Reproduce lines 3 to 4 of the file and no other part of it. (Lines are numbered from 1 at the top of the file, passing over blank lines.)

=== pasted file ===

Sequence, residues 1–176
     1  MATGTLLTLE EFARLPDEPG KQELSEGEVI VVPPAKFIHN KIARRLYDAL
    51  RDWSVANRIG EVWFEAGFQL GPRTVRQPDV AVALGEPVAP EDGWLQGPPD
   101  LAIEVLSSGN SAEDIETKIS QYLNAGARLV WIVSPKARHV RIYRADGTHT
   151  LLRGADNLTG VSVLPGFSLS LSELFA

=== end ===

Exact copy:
    51  RDWSVANRIG EVWFEAGFQL GPRTVRQPDV AVALGEPVAP EDGWLQGPPD
   101  LAIEVLSSGN SAEDIETKIS QYLNAGARLV WIVSPKARHV RIYRADGTHT